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Nature. 2010 May 20;465(7296):322-5. doi: 10.1038/nature09056.

A faint type of supernova from a white dwarf with a helium-rich companion.

Author information

1
Department of Particle Physics and Astrophysics, Faculty of Physics, The Weizmann Institute of Science, Rehovot 76100, Israel. hperets@cfa.harvard.edu

Abstract

Supernovae are thought to arise from two different physical processes. The cores of massive, short-lived stars undergo gravitational core collapse and typically eject a few solar masses during their explosion. These are thought to appear as type Ib/c and type II supernovae, and are associated with young stellar populations. In contrast, the thermonuclear detonation of a carbon-oxygen white dwarf, whose mass approaches the Chandrasekhar limit, is thought to produce type Ia supernovae. Such supernovae are observed in both young and old stellar environments. Here we report a faint type Ib supernova, SN 2005E, in the halo of the nearby isolated galaxy, NGC 1032. The 'old' environment near the supernova location, and the very low derived ejected mass ( approximately 0.3 solar masses), argue strongly against a core-collapse origin. Spectroscopic observations and analysis reveal high ejecta velocities, dominated by helium-burning products, probably excluding this as a subluminous or a regular type Ia supernova. We conclude that it arises from a low-mass, old progenitor, likely to have been a helium-accreting white dwarf in a binary. The ejecta contain more calcium than observed in other types of supernovae and probably large amounts of radioactive (44)Ti.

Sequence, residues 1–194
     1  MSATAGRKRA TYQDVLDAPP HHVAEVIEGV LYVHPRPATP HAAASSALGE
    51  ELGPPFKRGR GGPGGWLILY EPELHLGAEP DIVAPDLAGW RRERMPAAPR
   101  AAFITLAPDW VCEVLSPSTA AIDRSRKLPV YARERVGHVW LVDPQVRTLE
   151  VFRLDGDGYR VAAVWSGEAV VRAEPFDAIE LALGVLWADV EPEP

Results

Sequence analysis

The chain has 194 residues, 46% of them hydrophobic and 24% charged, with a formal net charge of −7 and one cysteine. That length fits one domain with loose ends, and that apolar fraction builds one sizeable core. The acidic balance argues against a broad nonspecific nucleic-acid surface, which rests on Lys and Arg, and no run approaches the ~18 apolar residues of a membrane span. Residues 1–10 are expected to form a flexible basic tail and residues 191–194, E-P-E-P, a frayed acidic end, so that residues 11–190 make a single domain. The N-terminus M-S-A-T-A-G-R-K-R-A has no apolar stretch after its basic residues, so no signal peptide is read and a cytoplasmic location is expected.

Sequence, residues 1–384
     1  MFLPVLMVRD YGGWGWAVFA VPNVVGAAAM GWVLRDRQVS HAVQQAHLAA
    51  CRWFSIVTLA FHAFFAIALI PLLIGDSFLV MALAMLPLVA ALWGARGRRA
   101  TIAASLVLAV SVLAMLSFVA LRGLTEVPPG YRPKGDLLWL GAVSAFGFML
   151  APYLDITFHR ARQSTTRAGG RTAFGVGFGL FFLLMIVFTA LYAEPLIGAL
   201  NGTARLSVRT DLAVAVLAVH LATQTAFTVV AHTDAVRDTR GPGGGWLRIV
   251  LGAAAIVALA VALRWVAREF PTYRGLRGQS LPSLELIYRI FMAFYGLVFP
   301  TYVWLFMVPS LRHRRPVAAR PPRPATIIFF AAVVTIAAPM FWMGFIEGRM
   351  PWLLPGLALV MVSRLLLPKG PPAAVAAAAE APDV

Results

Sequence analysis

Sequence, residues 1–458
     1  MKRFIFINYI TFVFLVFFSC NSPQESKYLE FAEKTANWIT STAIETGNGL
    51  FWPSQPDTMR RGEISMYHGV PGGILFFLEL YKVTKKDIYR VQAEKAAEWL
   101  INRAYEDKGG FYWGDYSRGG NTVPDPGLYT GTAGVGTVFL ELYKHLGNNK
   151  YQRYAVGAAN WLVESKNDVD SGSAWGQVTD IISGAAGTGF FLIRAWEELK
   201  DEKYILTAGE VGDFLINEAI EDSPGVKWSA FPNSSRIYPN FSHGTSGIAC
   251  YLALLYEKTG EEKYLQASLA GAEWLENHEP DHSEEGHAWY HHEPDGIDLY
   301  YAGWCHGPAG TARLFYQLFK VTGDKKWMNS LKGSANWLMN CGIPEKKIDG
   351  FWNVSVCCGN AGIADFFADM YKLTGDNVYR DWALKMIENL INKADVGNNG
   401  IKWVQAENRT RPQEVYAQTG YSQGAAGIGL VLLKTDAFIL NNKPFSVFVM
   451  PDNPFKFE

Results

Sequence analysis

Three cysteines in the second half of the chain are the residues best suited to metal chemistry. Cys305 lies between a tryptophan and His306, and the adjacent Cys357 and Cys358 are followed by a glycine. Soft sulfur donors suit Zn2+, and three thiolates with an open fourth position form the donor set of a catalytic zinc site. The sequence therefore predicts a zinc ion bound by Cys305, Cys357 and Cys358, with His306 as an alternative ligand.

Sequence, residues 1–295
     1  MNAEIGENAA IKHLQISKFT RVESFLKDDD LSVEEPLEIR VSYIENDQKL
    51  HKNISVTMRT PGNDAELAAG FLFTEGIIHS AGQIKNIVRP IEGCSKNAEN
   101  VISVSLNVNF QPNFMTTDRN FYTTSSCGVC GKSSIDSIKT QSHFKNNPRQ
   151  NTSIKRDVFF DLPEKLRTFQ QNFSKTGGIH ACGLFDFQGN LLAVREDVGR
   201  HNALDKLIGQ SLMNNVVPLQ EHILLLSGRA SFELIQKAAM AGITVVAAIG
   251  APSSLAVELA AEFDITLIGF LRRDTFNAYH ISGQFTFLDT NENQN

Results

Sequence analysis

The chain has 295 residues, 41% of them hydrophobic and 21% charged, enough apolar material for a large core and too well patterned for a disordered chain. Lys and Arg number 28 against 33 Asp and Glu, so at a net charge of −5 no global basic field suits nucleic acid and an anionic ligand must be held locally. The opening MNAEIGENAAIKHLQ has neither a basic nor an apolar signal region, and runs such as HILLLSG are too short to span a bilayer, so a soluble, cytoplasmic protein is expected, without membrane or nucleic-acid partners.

PMID:
20485429
DOI:
10.1038/nature09056
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